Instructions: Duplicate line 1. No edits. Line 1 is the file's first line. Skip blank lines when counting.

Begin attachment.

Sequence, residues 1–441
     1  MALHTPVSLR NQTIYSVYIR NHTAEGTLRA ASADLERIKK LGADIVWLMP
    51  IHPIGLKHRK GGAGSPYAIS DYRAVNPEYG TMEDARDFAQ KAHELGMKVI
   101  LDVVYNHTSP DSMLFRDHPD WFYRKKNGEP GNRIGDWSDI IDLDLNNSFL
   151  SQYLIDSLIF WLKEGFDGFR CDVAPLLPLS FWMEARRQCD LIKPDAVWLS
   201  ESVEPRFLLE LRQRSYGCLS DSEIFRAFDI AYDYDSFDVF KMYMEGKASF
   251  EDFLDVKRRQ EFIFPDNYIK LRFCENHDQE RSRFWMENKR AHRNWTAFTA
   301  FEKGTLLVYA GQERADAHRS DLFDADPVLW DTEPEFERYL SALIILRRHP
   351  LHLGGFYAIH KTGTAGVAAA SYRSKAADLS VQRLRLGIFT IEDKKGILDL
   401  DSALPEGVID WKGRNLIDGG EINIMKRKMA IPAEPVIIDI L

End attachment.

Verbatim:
Sequence, residues 1–441